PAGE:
In addition to exploring cultural responses to disability, disease, conflict, sacrifice, and healing, Milbrodt’s collection creates interesting metaphors that explore our relationships with our bodies. In “Marbles,” the narrator’s ability to isolate and enhance emotions through swallowing her grandmother’s marbles helps her control her emotional responses, and as she tries out different emotional “cocktails,” she experiences philosophical and physiological responses that make her question her choices. When Milbrodt personifies pain with “spirit companions,” like a back gremlin or an elf that encourages a boyfriend’s mania (52), she makes invisible chronic pain visible and raises the questions: how does pain shape our personalities? and how might pain help us? And, in “Costume Control,” when an amulet is all that is needed for a thirteen-year-old daughter to “cure” her blindness and deafness, the daughter’s response to it makes us question if we would change anything about ourselves. These questions are explored further in other stories too, like “Switching Heads.” Its narrator is a teacher who is very adept at switching out her eight heads (literally) in response to the type of personality she feels might be needed to handle the situations she expects during her day (like a faculty meeting, parent-teacher conference, or detention) in order to maintain the status quo. She struggles with learning when to exert her control: “I shouldn’t get so upset at other people for using the wrong head, but maybe it’s because I think so much about which one I need to wear that I forget other people might not have the same awareness” (70). Milbrodt’s graceful use of metaphor, personification, and the fantastic helps guide readers through the daily decisions we make and their consequences—the surreal elements feel very real and provide a framework in which to discuss what’s often hard to put into words.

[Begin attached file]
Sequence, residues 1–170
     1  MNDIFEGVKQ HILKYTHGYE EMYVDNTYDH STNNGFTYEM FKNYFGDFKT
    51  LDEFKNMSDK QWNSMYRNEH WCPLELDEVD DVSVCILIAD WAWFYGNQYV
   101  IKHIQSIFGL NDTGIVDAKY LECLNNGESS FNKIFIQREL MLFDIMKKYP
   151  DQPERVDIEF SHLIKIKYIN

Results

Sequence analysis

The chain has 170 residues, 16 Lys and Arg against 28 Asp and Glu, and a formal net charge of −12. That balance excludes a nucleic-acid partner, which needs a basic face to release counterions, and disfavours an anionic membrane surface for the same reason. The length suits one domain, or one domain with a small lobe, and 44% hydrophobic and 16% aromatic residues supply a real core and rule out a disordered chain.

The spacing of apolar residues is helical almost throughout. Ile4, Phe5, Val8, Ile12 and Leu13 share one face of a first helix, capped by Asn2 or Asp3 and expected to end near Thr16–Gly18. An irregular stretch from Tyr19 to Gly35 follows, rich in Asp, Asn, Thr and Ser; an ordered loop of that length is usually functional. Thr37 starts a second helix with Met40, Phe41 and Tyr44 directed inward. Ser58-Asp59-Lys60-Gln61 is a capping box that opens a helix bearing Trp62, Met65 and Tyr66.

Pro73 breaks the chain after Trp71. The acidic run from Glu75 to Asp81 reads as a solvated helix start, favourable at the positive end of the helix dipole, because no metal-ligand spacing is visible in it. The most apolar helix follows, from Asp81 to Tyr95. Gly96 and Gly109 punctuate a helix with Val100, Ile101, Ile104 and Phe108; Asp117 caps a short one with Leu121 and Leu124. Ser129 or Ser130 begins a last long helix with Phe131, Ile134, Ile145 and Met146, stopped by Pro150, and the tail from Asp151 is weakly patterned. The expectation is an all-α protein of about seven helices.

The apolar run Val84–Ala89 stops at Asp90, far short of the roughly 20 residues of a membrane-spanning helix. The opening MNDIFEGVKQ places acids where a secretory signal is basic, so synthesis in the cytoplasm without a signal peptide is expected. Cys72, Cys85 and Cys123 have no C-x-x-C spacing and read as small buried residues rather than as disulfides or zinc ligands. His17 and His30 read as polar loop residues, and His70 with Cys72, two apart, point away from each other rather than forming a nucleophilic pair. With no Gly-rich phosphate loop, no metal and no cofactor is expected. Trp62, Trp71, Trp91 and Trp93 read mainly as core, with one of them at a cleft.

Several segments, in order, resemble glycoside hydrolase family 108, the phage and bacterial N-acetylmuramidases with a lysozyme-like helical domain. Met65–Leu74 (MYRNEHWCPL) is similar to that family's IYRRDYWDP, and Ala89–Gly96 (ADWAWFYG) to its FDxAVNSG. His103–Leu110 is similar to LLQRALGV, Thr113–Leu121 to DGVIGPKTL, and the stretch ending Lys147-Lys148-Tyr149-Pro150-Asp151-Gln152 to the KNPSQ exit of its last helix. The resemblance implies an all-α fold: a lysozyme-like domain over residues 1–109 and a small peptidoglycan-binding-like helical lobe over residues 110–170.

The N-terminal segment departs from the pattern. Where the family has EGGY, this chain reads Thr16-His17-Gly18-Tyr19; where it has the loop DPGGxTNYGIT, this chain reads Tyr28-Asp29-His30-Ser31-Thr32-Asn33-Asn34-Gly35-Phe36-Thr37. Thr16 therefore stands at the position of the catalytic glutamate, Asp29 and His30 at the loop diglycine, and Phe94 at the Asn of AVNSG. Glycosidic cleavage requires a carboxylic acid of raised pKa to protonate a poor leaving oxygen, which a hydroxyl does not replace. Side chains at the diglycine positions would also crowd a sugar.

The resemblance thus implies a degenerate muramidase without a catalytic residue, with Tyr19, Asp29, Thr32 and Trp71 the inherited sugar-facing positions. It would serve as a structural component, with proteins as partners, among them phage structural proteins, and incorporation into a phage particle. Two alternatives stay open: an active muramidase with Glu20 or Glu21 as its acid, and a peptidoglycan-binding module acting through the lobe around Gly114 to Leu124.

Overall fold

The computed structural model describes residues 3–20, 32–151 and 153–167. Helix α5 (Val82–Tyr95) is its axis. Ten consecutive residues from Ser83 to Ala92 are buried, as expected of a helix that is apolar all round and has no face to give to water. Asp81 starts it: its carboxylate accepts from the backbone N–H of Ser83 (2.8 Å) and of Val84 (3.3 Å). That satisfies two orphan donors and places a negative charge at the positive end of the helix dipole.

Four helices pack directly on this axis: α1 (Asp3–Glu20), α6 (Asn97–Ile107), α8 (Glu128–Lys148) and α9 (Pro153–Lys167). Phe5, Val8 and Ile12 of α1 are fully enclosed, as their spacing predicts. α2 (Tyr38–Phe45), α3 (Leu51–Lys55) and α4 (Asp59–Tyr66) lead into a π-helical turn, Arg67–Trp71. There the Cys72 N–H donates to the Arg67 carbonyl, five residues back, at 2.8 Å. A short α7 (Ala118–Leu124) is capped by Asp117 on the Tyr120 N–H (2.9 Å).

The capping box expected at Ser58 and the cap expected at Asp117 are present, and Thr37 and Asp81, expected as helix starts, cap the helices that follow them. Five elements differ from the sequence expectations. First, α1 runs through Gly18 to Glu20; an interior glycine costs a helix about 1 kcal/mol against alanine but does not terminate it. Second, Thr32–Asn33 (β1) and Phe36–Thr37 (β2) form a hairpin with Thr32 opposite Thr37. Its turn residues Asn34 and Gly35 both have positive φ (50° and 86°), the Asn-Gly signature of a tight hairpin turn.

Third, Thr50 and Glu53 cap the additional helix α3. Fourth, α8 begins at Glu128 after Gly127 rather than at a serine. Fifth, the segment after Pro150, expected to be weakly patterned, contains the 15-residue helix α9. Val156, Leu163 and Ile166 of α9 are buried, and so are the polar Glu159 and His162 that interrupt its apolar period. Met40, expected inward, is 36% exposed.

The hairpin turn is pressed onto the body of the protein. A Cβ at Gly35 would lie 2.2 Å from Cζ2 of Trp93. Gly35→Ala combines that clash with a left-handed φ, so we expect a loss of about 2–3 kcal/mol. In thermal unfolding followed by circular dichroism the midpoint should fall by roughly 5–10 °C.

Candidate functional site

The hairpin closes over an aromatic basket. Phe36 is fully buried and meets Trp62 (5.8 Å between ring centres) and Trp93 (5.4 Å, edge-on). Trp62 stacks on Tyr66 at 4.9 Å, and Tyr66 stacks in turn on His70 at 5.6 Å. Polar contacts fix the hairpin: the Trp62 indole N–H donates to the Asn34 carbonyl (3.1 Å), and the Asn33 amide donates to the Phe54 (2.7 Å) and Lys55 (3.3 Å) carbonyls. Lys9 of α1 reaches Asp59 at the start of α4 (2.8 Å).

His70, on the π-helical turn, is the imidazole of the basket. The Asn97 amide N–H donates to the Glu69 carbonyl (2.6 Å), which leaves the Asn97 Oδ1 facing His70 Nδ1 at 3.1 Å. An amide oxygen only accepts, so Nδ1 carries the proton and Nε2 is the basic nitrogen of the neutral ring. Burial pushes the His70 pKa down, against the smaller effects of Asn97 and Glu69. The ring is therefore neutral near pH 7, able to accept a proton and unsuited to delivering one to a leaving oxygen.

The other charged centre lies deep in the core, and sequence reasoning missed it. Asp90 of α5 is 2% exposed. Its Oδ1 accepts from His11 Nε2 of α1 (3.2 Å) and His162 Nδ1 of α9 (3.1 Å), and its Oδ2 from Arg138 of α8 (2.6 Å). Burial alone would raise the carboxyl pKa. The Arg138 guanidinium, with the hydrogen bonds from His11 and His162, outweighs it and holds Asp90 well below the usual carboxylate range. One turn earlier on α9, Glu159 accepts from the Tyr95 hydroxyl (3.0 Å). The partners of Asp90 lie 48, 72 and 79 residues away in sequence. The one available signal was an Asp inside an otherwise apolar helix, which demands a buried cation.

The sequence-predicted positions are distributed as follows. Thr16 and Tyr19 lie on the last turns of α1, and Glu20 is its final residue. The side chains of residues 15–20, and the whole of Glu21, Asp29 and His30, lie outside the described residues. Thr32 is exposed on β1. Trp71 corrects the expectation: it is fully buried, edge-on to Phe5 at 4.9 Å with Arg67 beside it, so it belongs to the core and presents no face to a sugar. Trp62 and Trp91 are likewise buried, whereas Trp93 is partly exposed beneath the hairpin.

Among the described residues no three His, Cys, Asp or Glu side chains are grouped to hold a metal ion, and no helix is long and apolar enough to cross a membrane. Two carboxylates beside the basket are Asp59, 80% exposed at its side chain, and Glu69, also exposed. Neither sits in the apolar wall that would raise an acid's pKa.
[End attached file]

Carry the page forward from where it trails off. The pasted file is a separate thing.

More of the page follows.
Milbrodt uses these techniques to explore relationships too. “The Pieces” explores a typical family argument—a father riding his adult daughter because he doesn’t feel she is seeking her “best” life. His daughter is suddenly put in control of the situation when she must deal with her father’s pieces after he falls apart (literally). A woman working in “The Dreamlords” uses her sense of duty to justify destructive behavior that has her losing her sight as she confers with her dead husband and mother. In “You May Mistake This for a Love Story,” an administrative assistant at the high school accepts whatever time she has with people, because she can see exactly how much time that is with her omnipotent, blind left eye: “[t]his is where my farsightedness is lacking. I can’t see how to avoid the split, find a different trajectory, another curve in the path. Perhaps this the blessed curse of knowing the future—knowing you can’t change it, settling with the inevitable, continuing to walk with that knowledge in still-comfortable silence” (178). What strikes me in each story’s extraordinary circumstance is how relatable the characters’ conflicts are. I appreciate how something we could see as a liability (like an omnipotent eye attuned to love statuses or packing our dad’s head and torso into the back of our car to take him to a coffee shop to talk) allows us to look at familial, romantic, and even self-love from different perspectives.